Professor Cheryl Mendenhall, program director for the graphic design minor, explains, “Learning to become a better visual communicator can enhance a variety of career paths. It’s so much more than learning the software used in the industry. It is about cultivating your ideas; using design principles of composition and layout; and learning about typography, imagery and color choices along with a little psychology to best present your ideas.” Research confirms the demand for graphic design skills:

  • The U.S. market size for graphic designers is $12.7 billion.
  • A Content Marketing Institute study reveals that 51% of business-to-business marketers say creating visual content is a priority.
  • According to a Digital Trends study by Adobe, 73% of companies invest in design to make their brand more recognizable than their competitors’.
  • Research by iScribblers shows that visuals are processed 60,000 times faster than text and that it takes twice as long to process and recognize words.

This year the Temerlin Advertising Institute has expanded the minor to include two new-upper level electives, Image-Making and Graphic Design for Digital Media. Image-Making explores various styles and techniques to produce conceptually based imagery. The second course, Graphic Design for Digital Media, examines specific design challenges posed by various digital media and platforms, including issues of scale, color, typography, resolution, file sizes and color modes.

Preview recent student graphic design work:

Learn more and apply to the graphic design minor here.

INDUSTRY CONNECTIONS: Stone Boutique Partners with Campaigns Students

Stone Boutique is a Dallas-based fine and rare stone showroom that brings cutting-edge slab technology to the interior design consumer. Owners Francisco and Margarita Acosta are dedicated to disrupting the industry by leveraging their patented technology to pioneer a new start-to-finish purchasing experience. They explain:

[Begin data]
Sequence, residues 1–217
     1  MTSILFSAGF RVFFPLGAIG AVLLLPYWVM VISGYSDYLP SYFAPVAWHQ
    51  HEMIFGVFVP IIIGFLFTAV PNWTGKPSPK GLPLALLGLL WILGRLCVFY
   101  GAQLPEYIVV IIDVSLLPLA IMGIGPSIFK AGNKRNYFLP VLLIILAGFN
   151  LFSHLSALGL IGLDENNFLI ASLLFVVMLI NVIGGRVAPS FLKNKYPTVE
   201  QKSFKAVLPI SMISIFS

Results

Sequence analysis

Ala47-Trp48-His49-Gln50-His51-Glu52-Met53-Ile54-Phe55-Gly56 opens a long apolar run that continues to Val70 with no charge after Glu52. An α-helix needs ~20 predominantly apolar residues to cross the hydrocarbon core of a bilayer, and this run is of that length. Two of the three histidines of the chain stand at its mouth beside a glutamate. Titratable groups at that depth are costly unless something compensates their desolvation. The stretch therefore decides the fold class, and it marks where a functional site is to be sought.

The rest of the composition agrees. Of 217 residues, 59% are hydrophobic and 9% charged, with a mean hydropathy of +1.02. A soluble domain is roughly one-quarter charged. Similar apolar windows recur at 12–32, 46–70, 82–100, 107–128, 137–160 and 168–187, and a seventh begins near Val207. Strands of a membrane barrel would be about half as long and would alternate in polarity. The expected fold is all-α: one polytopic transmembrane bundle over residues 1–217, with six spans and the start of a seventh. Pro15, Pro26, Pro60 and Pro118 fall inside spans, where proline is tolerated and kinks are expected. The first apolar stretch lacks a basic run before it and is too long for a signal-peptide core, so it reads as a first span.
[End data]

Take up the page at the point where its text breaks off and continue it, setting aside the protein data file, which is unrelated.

“For us, discovering a once-in-a-lifetime slab is a magical experience. Over the course of our first 30 years in the industry, we watched in awe as pieces forged by the history of the world’s most intriguing places were unearthed, only to be delivered to the customer through a lifeless, inefficient, and frustrating processes. It wasn’t good enough for the customer or for us.”

The Acosta’s aspire to increase sales, expand offerings globally, and roll out a proprietary process to revolutionize the consumer journey. They have partnered this fall with Professor Peter Noble’s campaigns course seeking a complete integrated marketing and messaging strategy to achieve this goal. “We partnered with Stone Boutique for two reasons. First, they provide our senior advertising students with an unusual challenge — their business spans both business-to-business and business-to-consumer product categories. And second, with their proprietary technology Stone Boutique has the potential to rapidly grow from a relatively recent start-up into a leading global brand. They’re poised to disrupt the entire stone industry. At this stage in their brand development, Stone Boutique was interested in raising and enhancing awareness of their revolutionary stone selection process,” Noble explains. Temerlin students are eagerly working on the campaign; two teams will present a plans book and virtual presentation to the client early next month.